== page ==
There are many stories and voices missing from our Rooms Through Time. We are working with our visitors and communities to understand what the rooms could look like if we were to rethink who they are about.
After a 3 year closure, the Museum reopened in 2021 as Museum of the Home – a place to reveal and rethink how we live, in order to live better together. The Museum’s interpretation focuses on diverse personal stories that create a relatable visitor experience for all.
Our Home Galleries embody this new approach with displays that are representative of many of our local communities and aim to explore the innumerable different ways in which we make our lives in our homes.
During this project, while the Rooms Through Time received new interpretation that helped bring the rooms to life for visitors, the curatorial team were restricted in the stories they could tell by both the architecture of the sets and the makeup of the collections, which predominantly represent the white middle classes' households.
Therefore, not only do these displays jar with the far more diverse Home Galleries below, they no longer fulfil our aims as an organisation, nor represent the complex histories of migration and identity that have shaped Britain for hundreds of years.
The new rooms will include a Jewish tenement from 1911, an Irish couple's house in the 1950s, LGBTQ+ renters sharing an ex-council home in the 2000s, a British-Vietnamese contemporary home, and The Future Room which explores real homes amid challenges such as climate change and technological advances. We will also be expanding our beloved 1870s Parlour and Front Room in 1976 to become more interactive.
About the project
The Real Rooms project is tackling this imbalance by introducing a far more diverse array of narratives using co-creative and co-curatorial methods to let the communities we are representing inform and shape how their histories are being told.
Personal stories are our lifeblood
The new period rooms will centre on personal stories, and will take inspiration from oral histories and the lived experience of the communities they represent.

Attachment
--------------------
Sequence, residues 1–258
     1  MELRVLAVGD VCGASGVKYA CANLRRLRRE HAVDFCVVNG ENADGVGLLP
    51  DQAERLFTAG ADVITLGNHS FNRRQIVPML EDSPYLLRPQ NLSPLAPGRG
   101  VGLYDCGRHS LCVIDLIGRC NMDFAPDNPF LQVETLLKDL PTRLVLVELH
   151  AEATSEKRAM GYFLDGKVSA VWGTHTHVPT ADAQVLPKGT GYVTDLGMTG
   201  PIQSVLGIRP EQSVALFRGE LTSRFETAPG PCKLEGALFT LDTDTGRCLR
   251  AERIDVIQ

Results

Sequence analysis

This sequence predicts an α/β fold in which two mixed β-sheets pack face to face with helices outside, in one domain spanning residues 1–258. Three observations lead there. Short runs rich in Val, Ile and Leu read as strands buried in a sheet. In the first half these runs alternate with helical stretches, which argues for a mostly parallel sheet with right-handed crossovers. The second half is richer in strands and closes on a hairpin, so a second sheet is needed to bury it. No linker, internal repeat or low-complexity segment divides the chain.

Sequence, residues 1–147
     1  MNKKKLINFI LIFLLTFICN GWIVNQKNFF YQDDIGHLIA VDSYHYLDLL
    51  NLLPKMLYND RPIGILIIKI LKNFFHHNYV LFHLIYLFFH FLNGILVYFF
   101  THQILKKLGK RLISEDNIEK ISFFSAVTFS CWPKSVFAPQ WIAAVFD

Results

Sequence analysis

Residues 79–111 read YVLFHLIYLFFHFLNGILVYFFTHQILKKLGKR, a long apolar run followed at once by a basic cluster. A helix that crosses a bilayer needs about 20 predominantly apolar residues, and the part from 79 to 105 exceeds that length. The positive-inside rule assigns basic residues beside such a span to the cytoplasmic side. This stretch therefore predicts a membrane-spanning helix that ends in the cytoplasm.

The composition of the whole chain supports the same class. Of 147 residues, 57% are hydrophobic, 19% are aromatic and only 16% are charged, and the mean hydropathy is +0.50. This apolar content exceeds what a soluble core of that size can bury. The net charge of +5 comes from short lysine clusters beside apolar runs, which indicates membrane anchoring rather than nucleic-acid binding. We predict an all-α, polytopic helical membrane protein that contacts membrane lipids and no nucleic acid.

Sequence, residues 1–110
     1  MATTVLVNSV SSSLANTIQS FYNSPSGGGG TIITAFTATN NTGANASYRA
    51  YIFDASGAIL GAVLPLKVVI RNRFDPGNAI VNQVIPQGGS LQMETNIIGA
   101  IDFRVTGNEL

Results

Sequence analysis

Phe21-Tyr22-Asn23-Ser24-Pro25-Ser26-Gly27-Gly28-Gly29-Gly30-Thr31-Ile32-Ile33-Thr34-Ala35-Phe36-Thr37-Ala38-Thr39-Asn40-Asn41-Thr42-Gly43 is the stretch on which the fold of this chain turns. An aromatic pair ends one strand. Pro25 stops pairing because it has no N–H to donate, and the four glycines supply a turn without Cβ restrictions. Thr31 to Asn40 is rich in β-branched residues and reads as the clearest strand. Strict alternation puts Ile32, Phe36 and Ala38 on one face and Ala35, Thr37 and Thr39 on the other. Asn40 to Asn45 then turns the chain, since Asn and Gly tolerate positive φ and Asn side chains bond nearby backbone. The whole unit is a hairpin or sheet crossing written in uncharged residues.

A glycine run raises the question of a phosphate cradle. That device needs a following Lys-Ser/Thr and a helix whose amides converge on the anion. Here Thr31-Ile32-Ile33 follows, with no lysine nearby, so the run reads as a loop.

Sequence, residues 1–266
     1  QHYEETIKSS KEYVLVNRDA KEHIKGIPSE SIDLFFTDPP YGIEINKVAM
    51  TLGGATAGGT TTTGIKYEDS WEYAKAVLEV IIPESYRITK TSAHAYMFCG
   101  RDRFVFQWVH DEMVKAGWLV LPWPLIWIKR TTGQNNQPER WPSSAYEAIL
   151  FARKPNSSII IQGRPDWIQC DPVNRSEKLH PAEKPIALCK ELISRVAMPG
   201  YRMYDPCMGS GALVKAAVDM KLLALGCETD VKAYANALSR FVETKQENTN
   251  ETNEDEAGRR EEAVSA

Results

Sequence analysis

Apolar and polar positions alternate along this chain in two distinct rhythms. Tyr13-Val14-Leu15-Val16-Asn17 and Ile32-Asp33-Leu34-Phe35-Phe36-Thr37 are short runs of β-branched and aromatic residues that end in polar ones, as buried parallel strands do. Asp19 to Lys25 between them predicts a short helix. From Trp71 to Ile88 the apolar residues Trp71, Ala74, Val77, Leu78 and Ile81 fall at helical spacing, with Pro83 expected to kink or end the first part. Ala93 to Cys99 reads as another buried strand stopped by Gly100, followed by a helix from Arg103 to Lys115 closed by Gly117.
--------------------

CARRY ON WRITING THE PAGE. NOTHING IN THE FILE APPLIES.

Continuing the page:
Everyone has an idea of what home means to them
The displays will be able to tell a far wider range of stories and experiences of home than we have ever previously attempted.
Design is important, but it has to be lived
The design and architecture on display in these rooms will always serve the exploration of the lived experience first and foremost. Moreover, these rooms will have a properly ‘lived-in’ feel, showing how people really live as opposed to ideal room sets.
Everyone can learn something here
We are not only telling new and more histories, we are also diversifying the way we tell these stories. Child-focused interpretation and an emphasis on interactive and experiential history will ensure that all audiences will be able to discover something new.
Our East London location inspires us
Many of the stories we are telling with the new rooms will be hyper-local, exploring the diverse communities that have called the area home over the centuries.
Home is constantly evolving and so are we
The new rooms will be designed with flexibility in mind, to enable new stories to be told whenever needed. The Room of the Future will also explore how our homes may continue to evolve.
Our visitors feel at home
By drastically increasing the diversity of histories on display, we hope that all visitors will find something they identify with their feelings of home. We will domesticate the visitor spaces, making them more inviting and making visitors more comfortable.
In 2021 we launched the ‘Room to Rethink’, a space for visitors to reflect on the Rooms Through Time, and tell us what they would like to see happen to the displays. This prompted us to recruit the Community Authors, a group of eight people with a diverse array of professions and backgrounds, to both advise and play an active role in re-shaping the Rooms Through Time.
The resulting Real Rooms Project comes from extensive work with the Community Authors, as well as continual outreach and engagement with visitors and our local communities.
The Community Author’s purpose is to be a partner with the Museum, to share ideas, develop, programme, produce or suggest creative programming to challenge the ways we work to ensure that the Museum of the Home is representative and inclusive.